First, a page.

Obese women who gain more than recommended during pregnancy are likely to retain a portion of that weight up to an year after giving birth, shows a new study.
The researchers found that most of the obese women gained too much weight during pregnancy, then, on average, kept on 40 percent of the weight one year after they gave birth.
The study defined excess weight as more than 15 pounds, which until recently was the minimum amount of weight gain recommended for obese pregnant women by the Institute of Medicine.
"We found that nearly three quarters of obese women gain too much weight during pregnancy, and the more weight they gain, the harder it is to lose," said study lead author Dr Kim Vesco, MPH, a practicing OB/GYN and an investigator at the Kaiser Permanente Center for Health Research.
"This extra weight also increases the risk of pregnancy and delivery complications like diabetes, preeclampsia, bigger babies, C-sections, and birthing injuries," Vesco added.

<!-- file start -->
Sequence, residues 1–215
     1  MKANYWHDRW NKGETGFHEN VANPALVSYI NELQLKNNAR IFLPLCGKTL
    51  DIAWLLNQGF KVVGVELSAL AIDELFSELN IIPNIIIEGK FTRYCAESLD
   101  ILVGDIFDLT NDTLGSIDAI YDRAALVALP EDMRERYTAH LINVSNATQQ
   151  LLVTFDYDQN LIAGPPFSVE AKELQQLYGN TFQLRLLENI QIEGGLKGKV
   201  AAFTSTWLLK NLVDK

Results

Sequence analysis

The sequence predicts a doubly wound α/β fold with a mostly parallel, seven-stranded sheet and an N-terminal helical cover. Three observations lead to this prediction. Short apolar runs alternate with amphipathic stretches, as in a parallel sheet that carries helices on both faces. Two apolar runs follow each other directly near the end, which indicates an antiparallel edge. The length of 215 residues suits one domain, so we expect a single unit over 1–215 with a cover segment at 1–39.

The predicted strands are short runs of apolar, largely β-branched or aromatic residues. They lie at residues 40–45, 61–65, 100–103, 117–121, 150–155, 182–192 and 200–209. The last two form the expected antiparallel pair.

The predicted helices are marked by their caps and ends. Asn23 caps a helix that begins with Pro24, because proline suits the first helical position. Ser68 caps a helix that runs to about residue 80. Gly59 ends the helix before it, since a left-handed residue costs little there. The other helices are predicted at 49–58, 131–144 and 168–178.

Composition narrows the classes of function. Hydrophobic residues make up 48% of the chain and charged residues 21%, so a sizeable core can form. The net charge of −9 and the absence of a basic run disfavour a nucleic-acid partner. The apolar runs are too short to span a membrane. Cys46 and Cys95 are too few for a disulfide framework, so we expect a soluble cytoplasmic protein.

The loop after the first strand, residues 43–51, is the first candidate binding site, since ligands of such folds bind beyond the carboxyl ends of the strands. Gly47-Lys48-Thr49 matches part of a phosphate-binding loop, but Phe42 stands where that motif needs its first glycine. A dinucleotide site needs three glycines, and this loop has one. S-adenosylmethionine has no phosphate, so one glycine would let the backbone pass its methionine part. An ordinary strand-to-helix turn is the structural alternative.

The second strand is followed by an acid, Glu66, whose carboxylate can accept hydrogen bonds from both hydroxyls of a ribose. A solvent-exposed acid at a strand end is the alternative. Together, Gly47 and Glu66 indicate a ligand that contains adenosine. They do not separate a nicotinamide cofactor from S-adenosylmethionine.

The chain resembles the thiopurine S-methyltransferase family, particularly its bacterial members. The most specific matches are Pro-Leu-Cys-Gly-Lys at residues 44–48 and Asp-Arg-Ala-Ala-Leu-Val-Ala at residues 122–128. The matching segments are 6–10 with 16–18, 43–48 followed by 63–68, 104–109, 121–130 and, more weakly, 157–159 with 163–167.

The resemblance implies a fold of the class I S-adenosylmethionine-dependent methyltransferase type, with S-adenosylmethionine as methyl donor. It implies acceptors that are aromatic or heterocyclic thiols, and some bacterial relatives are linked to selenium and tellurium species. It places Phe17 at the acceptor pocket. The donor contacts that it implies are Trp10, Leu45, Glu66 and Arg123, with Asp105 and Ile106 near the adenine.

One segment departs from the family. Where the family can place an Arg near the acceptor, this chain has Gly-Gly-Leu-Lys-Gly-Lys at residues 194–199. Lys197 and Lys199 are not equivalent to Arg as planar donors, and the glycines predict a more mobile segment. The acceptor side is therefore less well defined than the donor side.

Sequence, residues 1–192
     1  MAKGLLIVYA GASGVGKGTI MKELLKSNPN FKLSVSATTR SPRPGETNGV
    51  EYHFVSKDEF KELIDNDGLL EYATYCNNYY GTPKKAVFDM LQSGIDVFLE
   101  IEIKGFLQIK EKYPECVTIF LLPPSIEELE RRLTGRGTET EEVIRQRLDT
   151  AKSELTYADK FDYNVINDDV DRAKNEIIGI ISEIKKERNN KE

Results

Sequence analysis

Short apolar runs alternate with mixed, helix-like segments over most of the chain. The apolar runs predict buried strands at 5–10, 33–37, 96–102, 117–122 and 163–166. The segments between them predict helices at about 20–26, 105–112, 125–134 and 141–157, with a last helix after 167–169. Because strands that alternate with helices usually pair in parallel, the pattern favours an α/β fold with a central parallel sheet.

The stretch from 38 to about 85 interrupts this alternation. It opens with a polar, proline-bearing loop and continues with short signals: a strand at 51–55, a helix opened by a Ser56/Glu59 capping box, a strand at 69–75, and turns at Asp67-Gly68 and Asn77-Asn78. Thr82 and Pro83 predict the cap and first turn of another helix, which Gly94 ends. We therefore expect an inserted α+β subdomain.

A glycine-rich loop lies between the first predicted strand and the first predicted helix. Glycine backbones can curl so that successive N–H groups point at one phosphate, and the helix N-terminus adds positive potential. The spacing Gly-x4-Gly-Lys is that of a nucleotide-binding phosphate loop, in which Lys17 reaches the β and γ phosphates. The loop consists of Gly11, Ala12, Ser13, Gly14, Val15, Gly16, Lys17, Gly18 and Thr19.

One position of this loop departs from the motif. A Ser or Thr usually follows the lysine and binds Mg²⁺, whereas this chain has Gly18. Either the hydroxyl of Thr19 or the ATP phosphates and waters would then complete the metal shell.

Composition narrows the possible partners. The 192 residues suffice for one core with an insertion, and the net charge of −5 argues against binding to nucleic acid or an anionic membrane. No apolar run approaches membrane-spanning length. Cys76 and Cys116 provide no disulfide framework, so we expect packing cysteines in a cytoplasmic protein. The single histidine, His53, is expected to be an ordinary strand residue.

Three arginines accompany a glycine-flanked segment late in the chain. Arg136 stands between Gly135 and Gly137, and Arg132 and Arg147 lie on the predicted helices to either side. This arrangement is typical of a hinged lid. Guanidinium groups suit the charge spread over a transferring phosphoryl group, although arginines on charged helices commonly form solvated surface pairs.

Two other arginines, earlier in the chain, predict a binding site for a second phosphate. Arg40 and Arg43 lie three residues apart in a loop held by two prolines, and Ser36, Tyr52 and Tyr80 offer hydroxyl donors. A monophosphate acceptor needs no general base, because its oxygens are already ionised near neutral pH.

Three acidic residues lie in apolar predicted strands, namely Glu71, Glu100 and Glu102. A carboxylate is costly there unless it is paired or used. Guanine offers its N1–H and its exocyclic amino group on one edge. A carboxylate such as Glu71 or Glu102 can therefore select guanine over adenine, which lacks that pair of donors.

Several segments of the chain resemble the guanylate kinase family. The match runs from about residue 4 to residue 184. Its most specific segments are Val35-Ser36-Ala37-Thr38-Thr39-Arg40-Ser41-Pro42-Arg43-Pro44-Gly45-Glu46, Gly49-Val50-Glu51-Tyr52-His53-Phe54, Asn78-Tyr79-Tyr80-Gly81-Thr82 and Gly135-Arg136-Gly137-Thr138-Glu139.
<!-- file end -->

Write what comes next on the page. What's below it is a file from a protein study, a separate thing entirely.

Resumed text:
The findings revealed that, on average, women retained 40 percent of the weight they gained during pregnancy one year after delivery. So if a woman gained 15 pounds during pregnancy, she could be expected to retain 6 of those pounds at one year; if she gained 30 pounds, she would retain 12 pounds.
"We need to do a better job of helping obese women control weight gain during their pregnancies. Once the baby is born, it's much harder to change eating habits and start an exercise program," said Dr Victor Stevens, co-author and senior investigator at the Kaiser Permanente Center for Health Research.
"If we can prevent the weight gain in the first place, moms and babies will be healthier in the long run," Stevens added.
The study is published in journal Obstetrics and Gynecology.